Shigofumi – From Hello to Heart-Wrenching in 20 Minutes [TIL]
While watching Angel Beats yesterday I got to think of an anime I love, an anime I think is under-appreciated. Well, it seems appreciated by all those who have watched it, but it definitely seems like not enough people have watched or heard of it. This anime is Shigofumi, Letters from the Departed, Stories of the last Letter, or what have you.
Another anime that I thought of and also came up on Twitter a couple of days ago is Visions of a Distant Star, a thirty minute movie made by one person, who is so heart-rending it is not even funny.
So the point I thought of regarding Angel Beats, well, if you know anything of Shigofumi it might not be too hard to see why I thought of it. In Shigofumi we get to see the last letter someone wrote after having died, and we also see their life just before death, or someone’s life as affected by the story… In Angel Beats, we’ve thus far saw the life stories of I believe four people, and these are small poignant moments, which deeply affect me. They usually do not take more than 4 minutes, yet you find yourself all teary-eyed after having watched them, even if you did not bond with the character depicted in them before. This is also true for Shigofumi, whereas most characters, and certainly those who send or receive the letters do not appear before “their” episode. And yet, after an episode of merely twenty minutes, you feel connected to them, you feel related to them, and their stories have impacted you.
By the way, that’s quite an interesting question: Do you feel related to them because their stories have had an emotional impact to them, or their stories had an emotional impact upon you because you feel like you could relate to them? Due to the short acquaintance you have with these characters, I’d say that in this case you feel like you can relate to them both because their stories are so human, and because their stories have affected you emotionally. I think either form of causation can occur, in different situations.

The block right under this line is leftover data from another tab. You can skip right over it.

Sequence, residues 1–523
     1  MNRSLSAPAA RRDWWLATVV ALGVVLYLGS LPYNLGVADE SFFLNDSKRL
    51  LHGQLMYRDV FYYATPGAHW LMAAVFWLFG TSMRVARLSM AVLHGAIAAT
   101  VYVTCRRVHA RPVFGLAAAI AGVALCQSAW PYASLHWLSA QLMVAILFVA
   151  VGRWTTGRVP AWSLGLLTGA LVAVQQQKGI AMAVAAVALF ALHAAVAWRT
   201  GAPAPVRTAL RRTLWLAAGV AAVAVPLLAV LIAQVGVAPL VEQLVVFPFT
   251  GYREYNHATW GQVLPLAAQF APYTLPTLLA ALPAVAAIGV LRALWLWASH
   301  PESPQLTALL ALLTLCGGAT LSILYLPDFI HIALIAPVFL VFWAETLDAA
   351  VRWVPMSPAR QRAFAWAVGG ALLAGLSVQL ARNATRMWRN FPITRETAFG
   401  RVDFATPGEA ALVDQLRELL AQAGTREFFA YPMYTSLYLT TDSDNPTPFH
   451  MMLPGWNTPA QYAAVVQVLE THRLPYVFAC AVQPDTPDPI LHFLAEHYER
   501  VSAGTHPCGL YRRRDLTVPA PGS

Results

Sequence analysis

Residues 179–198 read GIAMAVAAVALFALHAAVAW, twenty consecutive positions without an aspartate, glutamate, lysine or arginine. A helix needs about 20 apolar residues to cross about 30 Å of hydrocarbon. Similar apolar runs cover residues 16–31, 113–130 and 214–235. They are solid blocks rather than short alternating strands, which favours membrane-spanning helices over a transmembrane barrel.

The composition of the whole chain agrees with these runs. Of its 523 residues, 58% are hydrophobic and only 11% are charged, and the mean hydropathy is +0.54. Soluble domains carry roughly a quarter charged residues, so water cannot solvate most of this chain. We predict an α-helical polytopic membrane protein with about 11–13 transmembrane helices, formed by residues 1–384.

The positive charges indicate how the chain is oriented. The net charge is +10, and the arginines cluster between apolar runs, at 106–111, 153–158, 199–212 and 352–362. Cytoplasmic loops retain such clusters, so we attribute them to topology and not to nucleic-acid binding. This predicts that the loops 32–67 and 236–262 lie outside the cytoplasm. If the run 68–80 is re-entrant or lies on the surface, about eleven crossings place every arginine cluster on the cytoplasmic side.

Well, the point that I wanted to discuss was this. I’ve talked on my personal blog before on how we get “swindled” into caring for characters, and how if we notice that someone is trying to affect our emotions in such a manner that we often rebel. Yet in these anime, and Voices of a Distant Star is definitely worthy of being in this category as after it ends one can feel quite emotional and choked up, the directors manage to pull it off. You get to “know” a character, you get to care for them, and you get emotional after a “mere” twenty minutes, though often it is a 5 minute segment that could do it all on its own. Quite a feat.
I wonder how much it has to do with these being stories of death. In Angel Beats we see the stories of those who have died after having lived unfulfilling lives. In Shigofumi those lives that had been lived are usually quite horrible, and those messages that get sent… sheesh.
Fumika is the protagonist of Shigofumi, and I am not kidding you, but I’ve just noticed that “Fumi”, the first part of her name means “Letter”. This is also relevant, because both parts of her name so to speak come up, both “Fumi” and “Mika”. We get to know Fumika, who’s the silent mysterious type, her talking and annoying partner – her staff. A fellow deliverer of letters, someone who used to know Fumika from before, and well, I can’t tell you the rest.
The anime in my mind is better in those episodes that do not truly connect to one another, the episodes where we “merely” get to see her deliver a letter. Well, in most cases we see someone’s life, their death, or the death of someone near to them, and the letter being delivered and its effect.
The second half of the anime ties us closer to Fumika’s story, to her origin, to the mystery surrounding her. I was moved by this segment as well, but it still felt slightly weaker, both because it wasn’t short and hard like a punch to the gut, and because it was both a bit disorganized and something that we could relate less to. Well, the other stories, I certainly hope they are nothing like the stories you and I live, but they have a lot in them that is quite similar to our everyday lives, or stories we hear on the news. The emotions in them are raw and real. Fumika’s story is a bit farther from our experiences.
The anime is sharp and modern, and the opening song by Ali Project is quite nice and catchy. I have to wonder where these guys (or girls, as the case may be) have disappeared to.
Shigofumi, a perfect 10/10 score. Short, heart-wrenching, anime poetry.
P.S. As a service announcement to all anime figure lovers, there’s an eBay figure sale here. Seller located in the USA, includes some nice things. Most sales end 4.5-8 hours from the time of this posting, so you might want to get moving.